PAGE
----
According to one embodiment, a user interface (e.g., a touch screen) may be provided, such as an outer ring, a touch sensitive interface (e.g., a touch sensitive layer), a gesture The user can interact with the device through various input mechanisms or types including speech recognition for applications including input and text input, communication, or retrieval. Further, according to one embodiment, the user may interact with the GUI displayed on the circular display of the device via any input mechanism or type.

A wearable electronic device user may interact with a device (e.g., including a GUI displayed on a circular display) by using an outer ring. According to one embodiment, the outer ring may be touch sensitive, and a user touching one or more portions of the ring may be detected as an input to the device and interpreted as causing one or more actions to be performed by the device have. For example, the input may include swiping the ring with one finger, swiping the ring with two or more fingers, performing a rotational gesture with one or more fingers, or squeezing the ring ). ≪ / RTI > According to one embodiment, the outer ring can be rotated so that the physical rotation of the ring can act as an input to the device. Also, according to one embodiment, the outer ring can be clicked (e.g., depressed) or squared. Some embodiments of the outer ring may be suitably combined and the ring may be at least one of touch sensitive, rotatable, clickable (or pressable), or squeezable. Inputs from other aspects of the outer ring (e.g., touch, rotate, click, push, or squeegee) may be interpreted differently depending on, for example, a combination of aspects of the input provided by the user. As an example, the rotation of the outer ring may represent an input that is different than a rotation combined with a click or push of the ring. Also, when a user provides input via an outer ring, feedback may be provided to the user, including haptic feedback, auditory feedback, or visual feedback, as shown here.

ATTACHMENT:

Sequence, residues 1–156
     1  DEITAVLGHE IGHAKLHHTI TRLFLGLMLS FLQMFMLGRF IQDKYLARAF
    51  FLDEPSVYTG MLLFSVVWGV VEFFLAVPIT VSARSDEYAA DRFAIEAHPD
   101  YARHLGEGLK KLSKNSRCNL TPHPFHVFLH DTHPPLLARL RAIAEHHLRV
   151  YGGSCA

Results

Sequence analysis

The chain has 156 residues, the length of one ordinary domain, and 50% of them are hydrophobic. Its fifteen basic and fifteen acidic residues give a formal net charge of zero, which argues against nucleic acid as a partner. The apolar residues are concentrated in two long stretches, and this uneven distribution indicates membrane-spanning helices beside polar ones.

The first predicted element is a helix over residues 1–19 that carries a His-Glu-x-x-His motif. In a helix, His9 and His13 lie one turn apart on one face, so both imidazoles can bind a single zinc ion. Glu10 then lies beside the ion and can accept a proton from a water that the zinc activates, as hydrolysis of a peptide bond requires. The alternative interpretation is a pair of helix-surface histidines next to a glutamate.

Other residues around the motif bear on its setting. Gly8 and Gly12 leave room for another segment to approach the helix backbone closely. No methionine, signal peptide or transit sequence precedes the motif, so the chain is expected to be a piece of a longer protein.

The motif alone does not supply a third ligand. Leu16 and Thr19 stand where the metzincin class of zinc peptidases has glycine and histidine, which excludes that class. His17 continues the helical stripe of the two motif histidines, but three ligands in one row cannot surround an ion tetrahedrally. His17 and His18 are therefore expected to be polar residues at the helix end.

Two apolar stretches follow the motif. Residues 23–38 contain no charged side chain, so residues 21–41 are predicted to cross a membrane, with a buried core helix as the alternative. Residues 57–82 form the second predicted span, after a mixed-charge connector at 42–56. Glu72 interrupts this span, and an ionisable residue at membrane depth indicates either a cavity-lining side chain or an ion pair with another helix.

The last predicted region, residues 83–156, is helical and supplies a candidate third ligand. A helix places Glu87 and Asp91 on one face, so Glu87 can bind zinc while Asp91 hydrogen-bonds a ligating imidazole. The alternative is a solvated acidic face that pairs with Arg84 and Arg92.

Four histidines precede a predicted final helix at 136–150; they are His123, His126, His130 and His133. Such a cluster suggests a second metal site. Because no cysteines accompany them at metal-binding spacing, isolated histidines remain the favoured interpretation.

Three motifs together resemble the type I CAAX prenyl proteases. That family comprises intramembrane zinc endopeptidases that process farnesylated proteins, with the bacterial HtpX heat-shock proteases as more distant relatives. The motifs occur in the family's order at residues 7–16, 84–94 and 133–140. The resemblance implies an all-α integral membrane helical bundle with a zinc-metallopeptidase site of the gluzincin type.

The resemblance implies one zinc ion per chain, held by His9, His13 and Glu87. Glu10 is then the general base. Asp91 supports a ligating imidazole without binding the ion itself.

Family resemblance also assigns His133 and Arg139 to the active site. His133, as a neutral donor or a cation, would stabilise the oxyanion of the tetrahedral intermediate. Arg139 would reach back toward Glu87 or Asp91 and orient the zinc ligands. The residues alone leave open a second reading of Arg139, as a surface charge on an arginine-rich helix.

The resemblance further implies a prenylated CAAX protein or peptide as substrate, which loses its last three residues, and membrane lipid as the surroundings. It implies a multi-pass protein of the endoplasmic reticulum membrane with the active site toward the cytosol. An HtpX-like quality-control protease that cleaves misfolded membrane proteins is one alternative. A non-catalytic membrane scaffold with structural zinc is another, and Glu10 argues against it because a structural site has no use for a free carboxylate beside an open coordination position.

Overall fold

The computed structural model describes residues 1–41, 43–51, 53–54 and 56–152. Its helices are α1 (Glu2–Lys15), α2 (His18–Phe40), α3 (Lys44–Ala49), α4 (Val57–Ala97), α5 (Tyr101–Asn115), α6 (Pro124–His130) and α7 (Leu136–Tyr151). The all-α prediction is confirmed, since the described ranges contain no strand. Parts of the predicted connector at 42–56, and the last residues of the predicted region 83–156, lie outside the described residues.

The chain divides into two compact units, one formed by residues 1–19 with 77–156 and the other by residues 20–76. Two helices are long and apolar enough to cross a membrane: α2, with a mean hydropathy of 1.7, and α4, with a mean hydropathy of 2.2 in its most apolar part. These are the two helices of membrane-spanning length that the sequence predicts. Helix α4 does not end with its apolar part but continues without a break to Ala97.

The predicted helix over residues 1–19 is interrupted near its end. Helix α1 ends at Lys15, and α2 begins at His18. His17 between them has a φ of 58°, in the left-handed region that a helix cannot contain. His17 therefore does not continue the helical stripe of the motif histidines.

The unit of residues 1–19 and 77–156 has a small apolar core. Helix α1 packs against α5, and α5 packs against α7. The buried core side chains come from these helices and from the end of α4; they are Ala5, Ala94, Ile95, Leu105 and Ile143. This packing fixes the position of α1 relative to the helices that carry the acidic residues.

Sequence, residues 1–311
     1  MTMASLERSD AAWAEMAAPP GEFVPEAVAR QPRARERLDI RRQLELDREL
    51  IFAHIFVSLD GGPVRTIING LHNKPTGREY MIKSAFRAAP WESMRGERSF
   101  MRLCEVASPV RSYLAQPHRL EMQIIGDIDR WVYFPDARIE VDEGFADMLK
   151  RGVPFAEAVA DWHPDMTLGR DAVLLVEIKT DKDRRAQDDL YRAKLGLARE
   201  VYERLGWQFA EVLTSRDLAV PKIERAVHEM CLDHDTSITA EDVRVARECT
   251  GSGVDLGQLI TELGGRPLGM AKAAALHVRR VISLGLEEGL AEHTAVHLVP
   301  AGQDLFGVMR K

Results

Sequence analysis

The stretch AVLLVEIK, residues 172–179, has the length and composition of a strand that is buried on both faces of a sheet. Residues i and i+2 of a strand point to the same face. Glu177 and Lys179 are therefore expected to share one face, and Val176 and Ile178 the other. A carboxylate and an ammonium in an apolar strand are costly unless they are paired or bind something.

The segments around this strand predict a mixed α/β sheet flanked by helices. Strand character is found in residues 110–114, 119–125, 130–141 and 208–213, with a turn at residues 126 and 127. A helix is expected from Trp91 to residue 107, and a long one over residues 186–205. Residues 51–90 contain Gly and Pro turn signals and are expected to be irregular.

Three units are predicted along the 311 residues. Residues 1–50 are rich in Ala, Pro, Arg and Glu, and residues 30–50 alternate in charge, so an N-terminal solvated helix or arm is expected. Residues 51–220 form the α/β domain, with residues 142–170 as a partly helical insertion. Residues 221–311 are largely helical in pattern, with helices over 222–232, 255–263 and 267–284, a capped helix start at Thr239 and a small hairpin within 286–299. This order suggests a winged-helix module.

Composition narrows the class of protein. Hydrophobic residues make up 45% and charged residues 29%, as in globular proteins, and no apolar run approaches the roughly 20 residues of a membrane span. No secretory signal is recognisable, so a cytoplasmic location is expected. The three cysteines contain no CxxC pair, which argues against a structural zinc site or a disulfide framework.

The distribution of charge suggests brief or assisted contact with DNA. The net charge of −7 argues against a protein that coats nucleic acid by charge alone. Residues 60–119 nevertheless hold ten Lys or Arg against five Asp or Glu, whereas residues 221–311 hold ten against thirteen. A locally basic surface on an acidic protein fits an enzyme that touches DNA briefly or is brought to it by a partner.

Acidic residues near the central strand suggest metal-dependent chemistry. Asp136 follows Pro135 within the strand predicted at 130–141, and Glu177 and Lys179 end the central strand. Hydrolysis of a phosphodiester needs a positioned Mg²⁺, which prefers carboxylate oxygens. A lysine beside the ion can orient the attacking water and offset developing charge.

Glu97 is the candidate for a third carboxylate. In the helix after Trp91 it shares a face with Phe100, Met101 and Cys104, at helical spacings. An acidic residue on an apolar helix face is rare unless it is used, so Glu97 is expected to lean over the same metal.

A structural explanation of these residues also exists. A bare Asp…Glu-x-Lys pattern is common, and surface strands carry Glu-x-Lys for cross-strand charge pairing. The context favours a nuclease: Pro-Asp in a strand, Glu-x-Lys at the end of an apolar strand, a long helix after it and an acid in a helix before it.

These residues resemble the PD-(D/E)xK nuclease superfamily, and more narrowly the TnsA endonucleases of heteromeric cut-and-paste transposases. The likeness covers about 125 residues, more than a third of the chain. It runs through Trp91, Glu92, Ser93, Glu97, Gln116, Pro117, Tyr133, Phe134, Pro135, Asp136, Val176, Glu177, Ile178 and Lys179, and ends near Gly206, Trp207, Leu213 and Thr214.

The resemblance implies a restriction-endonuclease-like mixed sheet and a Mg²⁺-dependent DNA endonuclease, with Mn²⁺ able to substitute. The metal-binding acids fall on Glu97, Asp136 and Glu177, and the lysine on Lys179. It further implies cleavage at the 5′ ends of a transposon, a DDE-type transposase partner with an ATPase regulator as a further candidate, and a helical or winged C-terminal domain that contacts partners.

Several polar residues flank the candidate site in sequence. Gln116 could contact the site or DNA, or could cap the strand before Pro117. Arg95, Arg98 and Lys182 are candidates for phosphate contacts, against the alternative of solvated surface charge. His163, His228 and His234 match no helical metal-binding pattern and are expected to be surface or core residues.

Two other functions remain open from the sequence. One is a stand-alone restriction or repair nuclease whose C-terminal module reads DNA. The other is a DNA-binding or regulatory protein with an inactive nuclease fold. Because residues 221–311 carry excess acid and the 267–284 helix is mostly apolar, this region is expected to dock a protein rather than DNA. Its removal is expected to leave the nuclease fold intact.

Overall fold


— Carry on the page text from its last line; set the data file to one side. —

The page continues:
93A shows an example of a user click (e.g., depressed) on the outer ring indicated by arrow 9310. FIG. FIG. 93B shows an example of outer ring spiking by the user represented by arrow 9320. FIG. 94A shows an example of the outer ring rotation of the user. The content 9410 of the device's GUI changes with rotation (e.g., to the right). 94B illustrates an example in which the user does not rotate ring-wise and the user performs a rotation gesture on the touch sensitive ring. The content 9420 of the device's GUI changes with rotation (e.g., to the right). FIG. 94C shows an example in which the user rotates the outer ring at the same time as pressing or clicking the ring. The content 9430 of the device's GUI changes (e.g., to the right) as it rotates and presses or clicks.